Instructors: Ron Kriz, Assoc. Prof., ESM, Director Lab Scientific Visual Data Analysis Jason Lockhart, Director Director of HPC Technology Innovation Acknowledgement of Gordon Miller, Co-creator of this course (1991-1996)
Each academic year, Dr. Ron Kriz and Mr. Jason Lockhart teach a course titled "Scientific Visual Data Analysis and Multimedia" (class syllabus for Spring 2008). The first half of the course focuses on developing graphical methods within the context of scientific discovery. The second half of the course focuses on developing a multiple media format used to communicate results taught in the first half of the course. All students report their final class project on the Web using HTML format. Developing graphical methods and multimedia format is of primary interest. The tools are used or developed within the scientific context of the graphical method. Tools are important but not the primary focus of this course. Students implement what they learn by the construction of a class project that use both scientific visualization and multimedia tools available in the Laboratory for Scientific Visual Data Analysis, the College of Engineering Multimedia Lab, or the students personal computers. As student personal computers become more powerful, laboratory resources will become less significant. The long term objective is to make this course an online distance learning course. Currently most of the class notes, lectures, exercises, and homework assignments are compiled on-line in a Class Notebook A simple easy to learn data visualization software tools, PV-WAVE and IMSL, are available as a discounted student edition from Visual Numerics that are used for lectures, excercises, and class homework assignments. Students are encouraged, but not required, to use other data visualization hardware and software resources for their class projects -- depending on availability and unique skills of each student.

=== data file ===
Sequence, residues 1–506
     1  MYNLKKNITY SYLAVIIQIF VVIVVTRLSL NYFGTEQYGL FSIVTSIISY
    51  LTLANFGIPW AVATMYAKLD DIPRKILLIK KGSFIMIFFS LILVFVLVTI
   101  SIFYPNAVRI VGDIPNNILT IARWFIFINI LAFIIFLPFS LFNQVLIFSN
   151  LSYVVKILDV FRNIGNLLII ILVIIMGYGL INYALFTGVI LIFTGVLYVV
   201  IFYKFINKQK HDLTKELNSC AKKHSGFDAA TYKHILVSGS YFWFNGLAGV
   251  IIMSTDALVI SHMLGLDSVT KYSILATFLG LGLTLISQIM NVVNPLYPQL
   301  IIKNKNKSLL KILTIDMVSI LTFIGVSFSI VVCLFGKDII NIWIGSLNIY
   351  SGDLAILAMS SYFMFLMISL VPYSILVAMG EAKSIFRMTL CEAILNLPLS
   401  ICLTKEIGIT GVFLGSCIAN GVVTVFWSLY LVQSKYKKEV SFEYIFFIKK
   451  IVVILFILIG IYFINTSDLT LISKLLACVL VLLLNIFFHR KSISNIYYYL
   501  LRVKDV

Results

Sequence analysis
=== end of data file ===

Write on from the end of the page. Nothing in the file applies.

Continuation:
Class lectures emphasize how scientists and mathematicians (i.e. Gibbs, Maxwell, Einstein, Feynman) first imagine their functional relationship of physical properties as a combinatory play of images before formalizing their ideas into words and symbolic script (equations). This thought process is an innate visual cognitive-psychical ability that we all experience. Lectures also demonstrate how these psychical images can be created and shared using current graphical tools -- Envisioning Scientific Information.
In this course, students develop an increased understanding of how to use visual tools for interpretation and analysis of large data sets where complex relationships between physical properties can be better understood or possibly new relationships could be discovered. Emphasis is placed on developing insightful graphical methods and create an effective multimedia presentation.
Ron Kriz introducing the class
to Scientific Visualization part of the course.
(Note: 24.7 Mb Quicktime movie playable on Macintosh / Windows / UNIX machines.)
Revised June, 2007